Lexically scoped type variables
Simon Peyton-Jones
simonpj at microsoft.com
Tue Jan 17 09:14:11 EST 2006
Dear GHC users
As part of a revision of GHC to make type inference for GADTs simpler
and more uniform, I propose to change the way in which lexically-
scoped type variables work in GHC. (Indeed, I have done so, and will
commit it shortly.) This message explains the new system, highlighting
the differences.
I'm very interested to know whether you like it or hate it.
In the latter case, I'd also like to know whether you also
have programs that will be broken by the change.
Simon
Scoped type variables in GHC
~~~~~~~~~~~~~~~~~~~~~~~~~~~~
January 2006
0) Terminology.
A *pattern binding* is of the form
pat = rhs
A *function binding* is of the form
f pat1 .. patn = rhs
A binding of the formm
var = rhs
is treated as a (degenerate) *function binding*.
A *declaration type signature* is a separate type signature for a
let-bound or where-bound variable:
f :: Int -> Int
A *pattern type signature* is a signature in a pattern:
\(x::a) -> x
f (x::a) = x
A *result type signature* is a signature on the result of a
function definition:
f :: forall a. [a] -> a
head (x:xs) :: a = x
The form
x :: a = rhs
is treated as a (degnerate) function binding with a result
type signature, not as a pattern binding.
1) The main invariants:
A) A lexically-scoped type variable always names a rigid
type variable (not a wobbly one, and not a non-type-variable
type). THIS IS A CHANGE. Previously, a scoped type variable
named an arbitrary *type*.
B) A type signature always describes a rigid type (since
its free (scoped) type variables name rigid type variables).
This is also a change, a consequence of (A).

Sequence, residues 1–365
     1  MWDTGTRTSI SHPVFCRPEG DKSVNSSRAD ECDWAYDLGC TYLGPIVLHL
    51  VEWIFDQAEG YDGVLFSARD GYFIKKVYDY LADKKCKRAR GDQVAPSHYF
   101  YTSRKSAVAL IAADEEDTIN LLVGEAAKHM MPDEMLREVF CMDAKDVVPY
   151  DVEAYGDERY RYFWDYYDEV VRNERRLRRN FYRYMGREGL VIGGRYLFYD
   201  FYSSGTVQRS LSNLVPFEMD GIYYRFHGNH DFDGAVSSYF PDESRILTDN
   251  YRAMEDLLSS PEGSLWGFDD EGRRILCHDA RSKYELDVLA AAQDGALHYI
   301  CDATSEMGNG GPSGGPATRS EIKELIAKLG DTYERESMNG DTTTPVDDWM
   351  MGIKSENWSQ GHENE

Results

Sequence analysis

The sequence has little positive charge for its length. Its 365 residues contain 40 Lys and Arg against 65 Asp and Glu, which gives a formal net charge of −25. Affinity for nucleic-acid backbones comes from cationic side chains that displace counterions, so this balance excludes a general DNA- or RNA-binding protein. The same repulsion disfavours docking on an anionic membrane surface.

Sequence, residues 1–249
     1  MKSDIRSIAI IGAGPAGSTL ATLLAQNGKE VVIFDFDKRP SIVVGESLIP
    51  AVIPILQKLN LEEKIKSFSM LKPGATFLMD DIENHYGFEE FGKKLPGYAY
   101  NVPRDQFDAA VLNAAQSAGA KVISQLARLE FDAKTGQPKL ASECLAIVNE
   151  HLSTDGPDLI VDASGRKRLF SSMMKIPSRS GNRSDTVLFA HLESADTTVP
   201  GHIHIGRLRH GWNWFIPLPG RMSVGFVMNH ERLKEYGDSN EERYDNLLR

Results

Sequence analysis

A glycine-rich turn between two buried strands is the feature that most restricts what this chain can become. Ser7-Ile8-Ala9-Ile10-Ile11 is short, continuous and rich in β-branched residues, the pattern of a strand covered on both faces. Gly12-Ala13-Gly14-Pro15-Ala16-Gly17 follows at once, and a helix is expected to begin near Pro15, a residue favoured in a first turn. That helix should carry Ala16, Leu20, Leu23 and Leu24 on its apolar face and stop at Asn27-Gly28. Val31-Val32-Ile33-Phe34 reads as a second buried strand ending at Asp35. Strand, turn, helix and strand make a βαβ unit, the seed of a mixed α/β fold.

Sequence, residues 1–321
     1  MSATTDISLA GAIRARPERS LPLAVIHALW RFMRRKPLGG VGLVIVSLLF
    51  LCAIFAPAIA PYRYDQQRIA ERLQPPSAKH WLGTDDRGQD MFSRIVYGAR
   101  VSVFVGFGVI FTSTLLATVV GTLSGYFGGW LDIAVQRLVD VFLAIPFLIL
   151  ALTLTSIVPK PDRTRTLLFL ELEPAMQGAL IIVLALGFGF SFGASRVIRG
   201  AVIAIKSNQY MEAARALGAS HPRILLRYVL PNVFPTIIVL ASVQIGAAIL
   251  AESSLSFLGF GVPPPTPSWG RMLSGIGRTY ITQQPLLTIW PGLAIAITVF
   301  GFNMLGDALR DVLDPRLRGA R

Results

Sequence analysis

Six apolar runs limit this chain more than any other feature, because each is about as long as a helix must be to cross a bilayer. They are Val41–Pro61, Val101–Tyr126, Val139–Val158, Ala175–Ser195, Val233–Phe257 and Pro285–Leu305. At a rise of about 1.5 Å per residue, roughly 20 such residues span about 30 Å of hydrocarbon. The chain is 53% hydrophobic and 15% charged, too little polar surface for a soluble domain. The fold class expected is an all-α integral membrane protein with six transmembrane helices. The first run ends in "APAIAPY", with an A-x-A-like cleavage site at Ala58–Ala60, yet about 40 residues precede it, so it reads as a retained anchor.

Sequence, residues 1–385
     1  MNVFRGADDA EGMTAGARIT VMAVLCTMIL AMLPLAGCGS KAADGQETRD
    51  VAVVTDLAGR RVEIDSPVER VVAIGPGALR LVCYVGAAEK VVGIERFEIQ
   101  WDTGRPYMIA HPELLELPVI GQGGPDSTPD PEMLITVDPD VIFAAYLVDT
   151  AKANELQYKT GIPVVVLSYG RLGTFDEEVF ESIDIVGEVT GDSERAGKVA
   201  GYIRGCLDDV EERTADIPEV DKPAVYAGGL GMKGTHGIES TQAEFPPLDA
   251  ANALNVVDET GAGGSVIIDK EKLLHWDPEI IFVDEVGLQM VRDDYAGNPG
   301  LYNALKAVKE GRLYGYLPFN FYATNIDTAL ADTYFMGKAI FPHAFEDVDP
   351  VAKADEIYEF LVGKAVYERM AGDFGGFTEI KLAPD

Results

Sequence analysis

C) Distinct lexically-scoped type variables name distinct
rigid type variables. This choice is open;
This means that you cannot say
\(x:: [a]) -> <expr>
(where 'a' is not yet in scope) to enforce that x is a list without
saying anything about 'a'. (Well, not unless the type of this lambda
is known from the "outside".)
1a) Possible extension. We might consider allowing
\(x :: [ _ ]) -> <expr>
where "_" is a wild card, to mean "x has type list of something",
without
naming the something.
2) Scoping
2(a) If a declaration type signature has an explicit forall, those type
variables are brought into scope in the right hand side of the
corresponding binding (plus, for function bindings, the patterns on
the LHS).
f :: forall a. a -> [a]
f (x::a) = [x :: a, x]
Both occurences of 'a' in the second line are bound by
the 'forall a' in the first line
A declaration type signature *without* an explicit top-level forall
is implicitly quantified over all the type variables that are
mentioned in the type but not already in scope. GHC's current
rule is that this implicit quantification does *not* bring into scope
any new scoped type variables.
f :: a -> a
f x = ...('a' is not in scope here)...
This gives compatibility with Haskell 98
2(b) A pattern type signature implicitly brings into scope any type
variables mentioned in the type that are not already into scope.
These are called *pattern-bound type variables*.
g :: a -> a -> [a]
g (x::a) (y::a) = [y :: a, x]
The pattern type signature (x::a) brings 'a' into scope.
The 'a' in the pattern (y::a) is bound, as is the occurrence on
the RHS.
A pattern type siganture is the only way you can bring existentials
into scope.
data T where
MkT :: forall a. a -> (a->Int) -> T
f x = case x of
MkT (x::a) f -> f (x::a)
2a) QUESTION
class C a where
op :: forall b. b->a->a
instance C (T p q) where
op = <rhs>
Clearly p,q are in scope in <rhs>, but is 'b'? Not at the moment.
Nor can you add a type signature for op in the instance decl.
You'd have to say this:
instance C (T p q) where
op = let op' :: forall b. ...
op' = <rhs>
in op'
3) A pattern-bound type variable is allowed only if the pattern's